With all my worldly goods I thee endow ….except the schedule
With all my worldly goods I thee endow ….except the schedule might be the legalistic update to the marriage vow if you are a realist according to Cheshire divorce law solicitors Stonehewer Moss. The fact you bring worldly goods to the marriage and freely give them is part of the wedding ceremony but the way we live now, not least the age we live to and multi faceted nature of the average life, suggests inherent unfairness in blindly handing over half of your hard earned worth with the statistics for divorce telling you the odds are fairly high that you might be sat in a divorce court in the future. Common sense for a modern person might suggest to you that “any court in the land” would see your point of view and let you keep what you brought in to the marriage, but the reality is different. Accredited solicitor at Stonehewer Moss, Michael Brennan, explains:-
“The Court applies the law, not common sense. Most English law is rooted in concepts from common law, including reasonableness and foreseeability, but divorce law dealing with money was set down by a 1973 statute. I was 4 at the time, my late mother was a housewife and my late father was the breadwinner. The mortgage was probably just in his name as wives did not count. Mum looked after the children and made Dad his tea. Society has changed but the statute is more or less the same. Today there is a debate about the fact the Supreme Court consists of 10 white men and one woman. The argument is that the higher judiciary is out of touch with society. If you are in court about divorce you might feel baffled that your pre marriage worth is sacrificed to a concept called needs, when you entered the marriage committed to equality of life opportunity and believing your spouse could equally well stand up on his or her own two feet as you can. In some senses it is not just the court buildings that date back to the 60s and 70s; you run the risk that out dated attitudes will be applied to your marriage.
Fortunately, the Supreme Court has approved pre nups unless the circumstances at divorce suggest they should not be applied. Individuals entering a pre nup are assumed to be adults and treated as such. Although it is essential the pre nup should be fair, it is your best chance if you must marry to ensure non matrimonial property, that is the worth you bring to the marriage your spouse has not contributed towards, should be retained by you if you divorce. Needs still must be met but your intended spouse can acknowledge by signing the pre nup that it is your equal efforts in the marriage that are to be shared, not what you and your family had beforehand.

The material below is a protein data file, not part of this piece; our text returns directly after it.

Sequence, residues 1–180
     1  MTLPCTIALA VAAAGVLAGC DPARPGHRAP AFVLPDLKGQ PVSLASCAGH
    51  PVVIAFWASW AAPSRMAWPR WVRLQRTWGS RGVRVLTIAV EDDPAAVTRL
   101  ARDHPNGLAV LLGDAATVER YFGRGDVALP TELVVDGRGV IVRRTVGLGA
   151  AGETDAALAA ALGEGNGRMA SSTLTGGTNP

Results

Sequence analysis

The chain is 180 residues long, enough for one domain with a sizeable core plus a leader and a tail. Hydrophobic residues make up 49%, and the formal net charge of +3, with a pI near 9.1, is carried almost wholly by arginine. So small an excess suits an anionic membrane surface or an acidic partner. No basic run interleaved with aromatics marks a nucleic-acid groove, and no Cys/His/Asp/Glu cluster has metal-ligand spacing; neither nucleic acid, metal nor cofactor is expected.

A pre nup needs to follow certain guidelines to have a chance of being applied, high among them being the need to ensure it is a considered and fair process rather than a last minute ultimatum. There is no avoiding the use of lawyers and cutting corners will only weaken the agreement. With all my worldly goods I thee endow ….except the schedule hereto drawn by my solicitor and approved by yours to which we have each set our hands, may not be romantic, but nor is a county court on a wet Friday afternoon if you fail to be sensible.”
With all my worldly goods I thee endow ….except the schedule attached to our pre nup, we agree is fair, is surely worth getting advice upon at least.
For advice negotiation and representation in divorce cases please call 01606 872200 e mail firstname.lastname@example.org visit www.stonehewermoss.co.uk
Tags: amicable divorce